What an amazing man, and what a life.
Again, the transcript will be typed up in due course, but I was impressive with Raymond's forthright nature and his amazing knowledge of history. His life story was enough to captivate. He spoke about being a teenager at the time of Bloody Sunday, about growing up in a city where there was "Always a sense that something wasn't correct, but an inability to do anything about it" (RM)
He spoke about the civil rights movement in Northern Ireland, and what he felt drove it. He was very honest about this:
"The platform of the movement was some very basic demands. The right to vote, fair access to housing, social equality. But the state just didn't know how to cater to it. The British Government didn't meet its responsibility- they left it to the unionist regime, and eventually the resulting implosion resulted in conflict. Nothing in life is inevitable, but there was a sense of this attitude unfolding." (RM)
He also explained to me how he saw the civil rights campaign, as a result of reactions to it, enter a spiral into violence. He even spoke about what it was like to be about 17 years old at the time, admitting with a smile that there was "something of a sense of excitement to it" (RM)- Then he spoke of Bloody Sunday. About how it led him to join the IRA as the "only outlet we had to protect ourselves." (RM)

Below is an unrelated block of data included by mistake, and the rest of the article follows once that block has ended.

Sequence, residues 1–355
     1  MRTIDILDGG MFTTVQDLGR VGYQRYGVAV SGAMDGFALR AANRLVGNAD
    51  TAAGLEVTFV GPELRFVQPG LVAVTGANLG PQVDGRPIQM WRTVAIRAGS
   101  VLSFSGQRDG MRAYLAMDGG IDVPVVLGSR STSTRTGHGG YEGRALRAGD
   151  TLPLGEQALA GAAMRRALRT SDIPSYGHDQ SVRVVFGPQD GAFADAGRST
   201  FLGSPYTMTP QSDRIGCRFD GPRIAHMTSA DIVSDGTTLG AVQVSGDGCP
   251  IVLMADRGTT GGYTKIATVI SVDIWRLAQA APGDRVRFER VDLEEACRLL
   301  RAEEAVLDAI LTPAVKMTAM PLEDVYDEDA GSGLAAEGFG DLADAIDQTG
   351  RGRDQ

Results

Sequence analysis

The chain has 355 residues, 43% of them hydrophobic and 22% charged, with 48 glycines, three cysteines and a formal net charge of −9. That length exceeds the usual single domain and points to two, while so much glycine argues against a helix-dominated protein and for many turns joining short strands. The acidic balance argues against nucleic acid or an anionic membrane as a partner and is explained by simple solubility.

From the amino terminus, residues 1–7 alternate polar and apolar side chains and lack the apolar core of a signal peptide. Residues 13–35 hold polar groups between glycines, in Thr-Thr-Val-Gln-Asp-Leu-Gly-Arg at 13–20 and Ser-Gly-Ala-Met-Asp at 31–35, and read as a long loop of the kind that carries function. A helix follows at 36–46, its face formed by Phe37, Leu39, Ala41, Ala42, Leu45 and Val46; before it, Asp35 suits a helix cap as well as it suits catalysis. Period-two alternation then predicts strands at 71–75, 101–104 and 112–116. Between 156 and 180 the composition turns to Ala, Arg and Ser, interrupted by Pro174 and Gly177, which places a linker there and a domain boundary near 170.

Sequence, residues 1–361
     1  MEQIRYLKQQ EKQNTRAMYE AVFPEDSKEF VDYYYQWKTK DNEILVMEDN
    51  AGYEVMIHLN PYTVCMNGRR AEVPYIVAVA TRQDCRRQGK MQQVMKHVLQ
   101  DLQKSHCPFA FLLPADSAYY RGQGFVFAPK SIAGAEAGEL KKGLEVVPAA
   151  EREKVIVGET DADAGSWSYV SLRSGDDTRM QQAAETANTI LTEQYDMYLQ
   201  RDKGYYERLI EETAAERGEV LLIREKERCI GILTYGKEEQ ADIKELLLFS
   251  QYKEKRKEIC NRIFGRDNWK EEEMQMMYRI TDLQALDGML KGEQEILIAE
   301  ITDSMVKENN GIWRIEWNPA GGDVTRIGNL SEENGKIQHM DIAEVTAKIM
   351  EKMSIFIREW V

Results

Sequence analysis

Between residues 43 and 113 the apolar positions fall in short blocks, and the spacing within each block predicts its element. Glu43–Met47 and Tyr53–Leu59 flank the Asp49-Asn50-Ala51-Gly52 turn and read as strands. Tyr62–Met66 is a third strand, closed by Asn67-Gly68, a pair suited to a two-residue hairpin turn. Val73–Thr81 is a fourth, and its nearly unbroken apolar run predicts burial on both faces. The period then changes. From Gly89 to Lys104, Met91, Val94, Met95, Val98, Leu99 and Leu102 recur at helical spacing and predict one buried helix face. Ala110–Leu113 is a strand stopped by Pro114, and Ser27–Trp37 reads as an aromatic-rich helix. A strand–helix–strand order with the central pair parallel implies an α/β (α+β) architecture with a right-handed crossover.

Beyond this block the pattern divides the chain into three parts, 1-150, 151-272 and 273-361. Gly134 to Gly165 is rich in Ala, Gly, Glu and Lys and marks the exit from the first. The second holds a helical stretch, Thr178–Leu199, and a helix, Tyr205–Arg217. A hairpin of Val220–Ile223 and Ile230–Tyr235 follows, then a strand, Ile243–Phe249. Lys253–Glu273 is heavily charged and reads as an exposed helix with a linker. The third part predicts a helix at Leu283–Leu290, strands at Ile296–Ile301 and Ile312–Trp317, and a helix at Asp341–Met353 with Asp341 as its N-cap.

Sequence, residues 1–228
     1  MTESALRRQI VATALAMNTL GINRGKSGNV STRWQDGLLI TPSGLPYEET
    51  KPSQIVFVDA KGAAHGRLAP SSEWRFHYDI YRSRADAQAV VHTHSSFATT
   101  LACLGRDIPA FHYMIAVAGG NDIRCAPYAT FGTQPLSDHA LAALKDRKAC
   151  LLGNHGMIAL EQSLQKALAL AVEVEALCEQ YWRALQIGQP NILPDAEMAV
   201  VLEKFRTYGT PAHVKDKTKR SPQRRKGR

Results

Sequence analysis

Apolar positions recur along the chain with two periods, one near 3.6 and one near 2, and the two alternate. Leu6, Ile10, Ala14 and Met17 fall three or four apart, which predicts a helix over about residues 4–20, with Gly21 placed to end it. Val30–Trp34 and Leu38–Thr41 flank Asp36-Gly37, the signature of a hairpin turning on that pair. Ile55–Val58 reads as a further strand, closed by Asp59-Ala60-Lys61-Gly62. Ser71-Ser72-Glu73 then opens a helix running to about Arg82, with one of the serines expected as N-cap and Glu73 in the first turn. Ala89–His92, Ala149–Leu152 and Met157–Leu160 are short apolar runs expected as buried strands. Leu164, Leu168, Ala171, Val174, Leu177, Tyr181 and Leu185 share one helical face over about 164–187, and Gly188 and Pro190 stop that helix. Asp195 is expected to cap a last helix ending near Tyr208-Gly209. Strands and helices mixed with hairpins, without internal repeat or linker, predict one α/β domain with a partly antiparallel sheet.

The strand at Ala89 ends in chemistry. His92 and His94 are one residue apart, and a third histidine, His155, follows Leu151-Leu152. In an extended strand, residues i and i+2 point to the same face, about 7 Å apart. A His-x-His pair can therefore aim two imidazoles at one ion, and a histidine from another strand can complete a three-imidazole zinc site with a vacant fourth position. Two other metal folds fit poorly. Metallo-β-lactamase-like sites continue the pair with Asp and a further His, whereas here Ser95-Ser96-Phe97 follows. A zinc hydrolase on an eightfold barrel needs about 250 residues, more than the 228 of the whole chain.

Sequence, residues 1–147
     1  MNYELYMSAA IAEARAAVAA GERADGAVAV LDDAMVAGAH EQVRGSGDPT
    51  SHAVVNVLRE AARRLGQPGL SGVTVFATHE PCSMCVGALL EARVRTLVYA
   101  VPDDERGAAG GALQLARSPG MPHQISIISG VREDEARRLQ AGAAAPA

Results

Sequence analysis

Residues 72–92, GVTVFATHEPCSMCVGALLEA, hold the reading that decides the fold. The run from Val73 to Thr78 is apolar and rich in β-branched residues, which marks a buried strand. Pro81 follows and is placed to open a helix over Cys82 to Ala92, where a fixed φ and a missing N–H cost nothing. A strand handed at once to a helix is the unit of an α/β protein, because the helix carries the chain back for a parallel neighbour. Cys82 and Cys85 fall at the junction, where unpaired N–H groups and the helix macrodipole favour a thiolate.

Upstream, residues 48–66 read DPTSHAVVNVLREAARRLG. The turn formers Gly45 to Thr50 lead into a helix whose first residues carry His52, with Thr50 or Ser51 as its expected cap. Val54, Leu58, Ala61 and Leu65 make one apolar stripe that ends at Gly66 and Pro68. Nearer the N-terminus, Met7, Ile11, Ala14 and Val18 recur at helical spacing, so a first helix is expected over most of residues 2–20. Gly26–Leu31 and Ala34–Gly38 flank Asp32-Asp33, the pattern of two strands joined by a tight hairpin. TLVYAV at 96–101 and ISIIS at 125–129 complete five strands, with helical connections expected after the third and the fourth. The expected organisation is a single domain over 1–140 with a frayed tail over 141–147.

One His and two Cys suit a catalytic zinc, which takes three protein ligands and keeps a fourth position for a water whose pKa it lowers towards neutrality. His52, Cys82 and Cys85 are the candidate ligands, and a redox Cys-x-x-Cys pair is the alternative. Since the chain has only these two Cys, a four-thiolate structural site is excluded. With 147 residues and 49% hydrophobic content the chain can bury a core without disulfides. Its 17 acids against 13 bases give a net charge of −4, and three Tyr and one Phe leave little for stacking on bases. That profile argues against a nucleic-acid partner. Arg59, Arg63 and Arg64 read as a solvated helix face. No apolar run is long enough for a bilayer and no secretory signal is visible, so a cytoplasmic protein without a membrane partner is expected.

I asked Raymond why it was worthwhile to learn about Irish History. His answer was fantastic. He pointed out that although everyone thinks their own nation's history is the most important, Ireland's has a lot of worldwide connections that are worth a look. He spoke about the connection to Australia (and the rest of the world) through migration- He's right- around 30% of Australians can trace their heritage to Ireland at some point. He also spoke about Ireland's place in colonial history, noting that as what may be considered Britain's first colony in many ways, Ireland is a study in the emergence of the British Empire.
We spoke about what could be learnt from the peace process, what lessons the north had to teach. He suggested the following:
"Ireland is still divided, in terms of its politics. But there is progress. It isn't the perfect model, but there are lessons there. It isn't a template, but it is worth seeing the importance of dealing with the cause of injustice and validating people. There needs to be a validation of wrong- not a total mistake, we need to acknowledge context... but there needs to be reflection." (RM)
Something he said towards the end stuck with me in terms of divides in society- divides that still exist in most societies in different forms, including Australia. And here indeed, was a lesson.
"Still some people here are isolated, and that shouldn't be. The Irish, more than anyone, should know what it is to be a stranger in a strange land. In a better world, we would embrace that." (RM)
We spoke about the upcoming anniversary of the proclamation, of the refurbishments to the Free Derry Museum and Raymond even squeezed in a convict joke. All in all a fascinating meeting, and time much valued!